Jacques Laffite and Patrick Depailler in Ligier JS11s fill the 1979 Brazilian Grand Prix's front row Photo: Motorsport Images
Lotus, after sweeping 1978, had almost no time to enjoy its success. As come the opening 1979 round a rival jumped straight over it. And an unlikely one, in Ligier.
The French squad had been in F1 for three years and was roundly viewed as low-budget and not very well organised. But suddenly it had the early-1979 rounds all to itself with its classic JS11.
The Lotus 79, despite its ground effect advantage, had, in Peter Wright's words, “all the torsional stiffness of a wet lettuce”. Ligiers, by happy coincidence, had always been built stiff plus designer Gerard Ducarouge was good at suspensions – both improved the concept markedly. Plus the team had ditched the bulky Matra V12 for the mainstream Cosworth DFV. Ligier essentially did the Lotus 79, but better.
It also benefited from creative interpretation of what was not a movable aerodynamic device, as it featured a flap that opened to bleed off excessive downforce at high speed and stop the car hitting the ground. Ligier wasn't though able to convert its fine JS11 to a championship charge – largely due to the budget and organisational shortcomings mentioned.
The Williams FW07s line up in the pits at Watkins Glen for the 1979 US Grand Prix Photo: Motorsport Images
This was a similar case to the Ligier JS11. Frank Williams, like Ligier, had been around F1 for a while but was not all that highly rated. Yet also just like with the JS11, Williams with its FW07 – introduced a few rounds into the 1979 season – took the Lotus 79 and did it better, particularly in chassis stiffness. Crucially too it avoided the errors made by others – including Lotus – of overreaching in the ground effect game.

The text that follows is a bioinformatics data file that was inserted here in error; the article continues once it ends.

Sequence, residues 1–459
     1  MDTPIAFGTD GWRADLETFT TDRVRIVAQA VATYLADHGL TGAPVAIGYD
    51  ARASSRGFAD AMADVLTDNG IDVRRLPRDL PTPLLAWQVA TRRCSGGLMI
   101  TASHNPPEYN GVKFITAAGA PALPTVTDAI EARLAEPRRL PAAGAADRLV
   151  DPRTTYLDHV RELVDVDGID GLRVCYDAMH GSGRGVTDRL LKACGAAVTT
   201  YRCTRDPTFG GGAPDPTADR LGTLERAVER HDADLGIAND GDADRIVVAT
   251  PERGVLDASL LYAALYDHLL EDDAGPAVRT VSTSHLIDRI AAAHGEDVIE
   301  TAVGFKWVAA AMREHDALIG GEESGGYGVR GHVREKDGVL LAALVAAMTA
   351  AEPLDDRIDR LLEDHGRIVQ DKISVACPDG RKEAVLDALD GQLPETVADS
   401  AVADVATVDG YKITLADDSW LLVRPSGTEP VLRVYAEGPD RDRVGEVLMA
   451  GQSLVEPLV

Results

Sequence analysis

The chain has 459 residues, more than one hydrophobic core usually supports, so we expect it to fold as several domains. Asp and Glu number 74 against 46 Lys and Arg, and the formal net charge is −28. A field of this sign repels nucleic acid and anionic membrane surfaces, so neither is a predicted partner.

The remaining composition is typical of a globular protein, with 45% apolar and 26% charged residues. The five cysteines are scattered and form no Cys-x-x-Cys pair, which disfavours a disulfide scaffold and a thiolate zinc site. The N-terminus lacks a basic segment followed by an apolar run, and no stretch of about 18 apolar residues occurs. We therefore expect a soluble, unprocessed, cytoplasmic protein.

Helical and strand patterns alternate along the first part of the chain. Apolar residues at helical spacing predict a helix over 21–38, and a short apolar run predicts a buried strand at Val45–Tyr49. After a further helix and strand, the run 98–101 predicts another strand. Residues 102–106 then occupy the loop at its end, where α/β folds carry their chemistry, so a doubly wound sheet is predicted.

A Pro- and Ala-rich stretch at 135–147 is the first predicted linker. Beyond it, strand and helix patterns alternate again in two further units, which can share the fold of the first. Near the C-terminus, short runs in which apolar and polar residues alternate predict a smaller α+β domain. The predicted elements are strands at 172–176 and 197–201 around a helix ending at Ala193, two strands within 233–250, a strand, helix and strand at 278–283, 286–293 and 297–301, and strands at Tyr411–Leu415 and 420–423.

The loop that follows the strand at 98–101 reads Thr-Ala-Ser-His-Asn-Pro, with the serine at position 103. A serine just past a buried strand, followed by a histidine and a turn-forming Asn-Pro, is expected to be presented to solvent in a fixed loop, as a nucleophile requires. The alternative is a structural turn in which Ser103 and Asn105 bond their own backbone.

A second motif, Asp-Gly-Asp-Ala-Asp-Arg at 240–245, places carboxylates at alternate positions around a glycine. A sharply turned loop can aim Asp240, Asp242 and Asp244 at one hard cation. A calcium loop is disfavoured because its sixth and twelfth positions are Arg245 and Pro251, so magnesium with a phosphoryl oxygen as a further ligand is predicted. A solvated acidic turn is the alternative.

Its FW07 was effective from the off – Alan Jones led at Zolder and should have won, but retired with a battery problem, then his team-mate Clay Regazzoni chased home the victorious Jody Scheckter at Monaco. But the real breakthrough awaited at Silverstone, with what seems a simple tweak to the modern perspective of adding underbody panelling to tidy the airflow under the engine.
Jones's pole time there sent a shiver down the pitlane, and Williams then won five of the remaining seven races that year. And unlike with Ligier, this set Williams up for years of habitual championship bagging.
Nelson Piquet and his BT49C's trick suspension starts on pole in the 1981 Argentine Grand Prix Photo: Motorsport Images
Another case of Gordon Murray's lateral thinking. His Brabham BT49 was already a ground effect classic, enabling Nelson Piquet to come close to the 1980 title. Yet for 1981 FISA – as the sporting arm of the FIA was then known – sought to eliminate ground effect, with a new 6cm ground clearance.
Murray again spotted a problem though, that the rule was unenforceable. As it takes a rather swift steward to measure ground clearance when the car is moving… Hydraulic suspension that would lower the car at speed was the way to go.
Murray turned up to 1981's Long Beach season-opener and was astonished to see no one was pursuing a similar system. His device was initially unreliable, but was still good enough to destroy the opposition in round three in Argentina, with even Piquet's unfancied team-mate Héctor Rebaque moving up to second behind Piquet for a time.
It quickly lost its advantage though, as amid the resultant flux stewards allowed crude driver-operated lowering systems. Piquet still though took the title that year.